During one of the times when he was not working in Yellowstone, Paul was executive director of The American Museum of Fly Fishing, in Manchester, Vermont, from 1977 to 1982. His series of books on the history and culture of fly fishing includes American Fly Fishing, Shupton's Fancy, Royal Coachman, Cowboy Trout, The Rise, If Fish Could Scream, and Fly-Fishing Secrets of the Ancients. He has received several honors for this work, including the Federation of Fly Fishers' Roderick Haig-Brown Award.
Among other awards, Paul is the recipient of an honorary doctorate of letters from Montana State University, the Wallace Stegner Award from the University of Colorado Center of the American West, a Panda Award for scriptwriting from Wildscreen International, and the Communications Award from the George Wright Society.
Paul wrote and narrated the 2002 PBS film "Yellowstone: America's Sacred Wilderness." He served as an advisor and interviewee for the Ken Burns film "The National Parks," broadcast in 2009.
Since 2009, Paul has been scholar-in-residence at the Montana State University Library.
For a recent interview, see Dayton Duncan's book The National Parks: America's Best Idea (Knopf, 2009), pages 252-255.



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Most Helpful Customer Reviews

10 of 10 people found the following review helpful By Paul Waggoner Jones on February 7, 2001
Format: Hardcover
As one casts for trout with a modern high-tech rod, line, leader and one of the zillion fly patterns now available, it is easy to forget how far we have come in the 250 or so years that fly fishing has been practiced in North America, and yet how little things have really changed in terms of the techniques used, concepts of what constitutes necessary equipment, and the attitude of serious endeavor that pervades all aspects of fly fishing. Paul Schullery has complied an exhaustive volume that takes the reader from old world origins of the sport and how they influenced Colonial American fishing, and in particular, fly fishing,to the advances in tackle and techniques during the Victorian era, and finally to our modern practices. The reproductions of portraits and early prints, the quotations from period news sources, journals and books, and the high-quality photographs of the flys, rods and reels from the early 1800's and thereafter make this book a source of great value to anyone specifically interested in fly fishing as a sport, and the developing history of fishing and fly fishing in North America from the time of the first Europeon contact, in Colonial America, and thereafter. It shows, in the final analysis,that despite the high-tech materials we now expect when we purchase rods, reels and related fly fishing equipment, our forefathers, with their spliced rods, wenches, and horse hair lines, would have well understood the how and the why of fly fishing as now practiced, and that in some respects, they were closer to such truth as may exist in this never ending pursuit with a fly for trout and lesser fish, than we might have anticipated.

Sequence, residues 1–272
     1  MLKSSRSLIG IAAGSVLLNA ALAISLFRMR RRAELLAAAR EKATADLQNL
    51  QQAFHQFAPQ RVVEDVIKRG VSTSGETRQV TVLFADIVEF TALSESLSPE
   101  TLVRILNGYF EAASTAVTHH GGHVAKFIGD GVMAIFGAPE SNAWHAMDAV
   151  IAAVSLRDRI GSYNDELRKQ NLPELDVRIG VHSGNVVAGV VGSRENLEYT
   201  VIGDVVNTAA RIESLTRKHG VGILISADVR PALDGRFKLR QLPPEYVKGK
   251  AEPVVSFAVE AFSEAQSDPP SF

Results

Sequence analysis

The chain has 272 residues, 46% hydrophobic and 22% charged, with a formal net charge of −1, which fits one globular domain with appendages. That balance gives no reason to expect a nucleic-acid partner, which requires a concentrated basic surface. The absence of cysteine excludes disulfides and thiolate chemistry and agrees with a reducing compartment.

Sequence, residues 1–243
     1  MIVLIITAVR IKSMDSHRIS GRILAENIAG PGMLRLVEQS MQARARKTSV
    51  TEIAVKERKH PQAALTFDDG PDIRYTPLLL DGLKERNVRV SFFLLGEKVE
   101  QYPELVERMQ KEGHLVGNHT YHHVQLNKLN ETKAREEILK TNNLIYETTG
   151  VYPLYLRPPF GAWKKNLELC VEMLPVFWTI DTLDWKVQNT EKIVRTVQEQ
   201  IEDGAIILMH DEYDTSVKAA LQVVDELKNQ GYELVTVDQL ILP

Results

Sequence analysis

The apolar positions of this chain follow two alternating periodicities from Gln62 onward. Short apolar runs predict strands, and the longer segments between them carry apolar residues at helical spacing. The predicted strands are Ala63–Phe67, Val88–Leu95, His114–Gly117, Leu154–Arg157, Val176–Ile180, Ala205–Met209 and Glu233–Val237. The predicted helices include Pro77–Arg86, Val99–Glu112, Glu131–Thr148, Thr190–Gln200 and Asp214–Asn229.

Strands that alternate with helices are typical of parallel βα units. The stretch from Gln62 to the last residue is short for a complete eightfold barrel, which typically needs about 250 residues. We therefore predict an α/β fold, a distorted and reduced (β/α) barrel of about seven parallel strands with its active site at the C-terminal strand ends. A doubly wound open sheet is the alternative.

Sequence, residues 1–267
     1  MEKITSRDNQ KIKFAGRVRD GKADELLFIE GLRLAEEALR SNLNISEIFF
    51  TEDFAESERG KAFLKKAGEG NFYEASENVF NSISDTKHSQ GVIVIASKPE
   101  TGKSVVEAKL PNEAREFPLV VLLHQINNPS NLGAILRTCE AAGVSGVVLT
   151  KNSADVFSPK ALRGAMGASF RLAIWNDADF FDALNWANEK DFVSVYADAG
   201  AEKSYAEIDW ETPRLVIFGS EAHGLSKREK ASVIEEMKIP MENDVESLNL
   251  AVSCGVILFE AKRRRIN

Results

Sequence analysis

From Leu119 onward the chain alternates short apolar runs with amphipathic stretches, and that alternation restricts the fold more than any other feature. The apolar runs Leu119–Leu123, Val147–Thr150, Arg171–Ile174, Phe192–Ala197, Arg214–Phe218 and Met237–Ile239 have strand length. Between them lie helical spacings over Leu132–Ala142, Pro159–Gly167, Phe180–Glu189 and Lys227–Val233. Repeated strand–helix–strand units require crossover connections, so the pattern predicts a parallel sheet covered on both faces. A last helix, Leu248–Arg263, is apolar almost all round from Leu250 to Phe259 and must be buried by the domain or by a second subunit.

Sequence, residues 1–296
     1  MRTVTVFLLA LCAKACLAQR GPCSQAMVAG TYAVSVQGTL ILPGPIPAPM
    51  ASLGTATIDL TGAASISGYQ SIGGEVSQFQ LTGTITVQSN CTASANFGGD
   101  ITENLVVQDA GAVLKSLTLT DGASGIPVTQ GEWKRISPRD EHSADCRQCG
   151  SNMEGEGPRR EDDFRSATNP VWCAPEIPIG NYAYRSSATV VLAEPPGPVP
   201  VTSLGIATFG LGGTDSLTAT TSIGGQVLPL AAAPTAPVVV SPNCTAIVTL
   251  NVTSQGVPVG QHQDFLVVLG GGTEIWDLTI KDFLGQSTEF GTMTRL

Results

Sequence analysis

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By Alfred Henderson on February 18, 2014
Format: Hardcover Verified Purchase
This book would be in new condition if it didn't have the library's name stamped on the edges of the pages. I removed the library stickers and the stamp is the only sign left of it's origin.
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By Arthur F Conway on January 30, 2014
Format: Hardcover Verified Purchase
Have been looking for a copy of this book for quite a while. The used copy is in excellent shape, and the book is everything I expected.
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Format: Hardcover Verified Purchase
Author Paul Schullery gives a well written and illustrated overview of the origins and development of fly fishing in America. The book touches on all aspects of American fly fishing for trout, bass, salmon, steelhead and salt water species. Various advances in equipment are covered as well, rods, reels, lines and of course the flies themselves.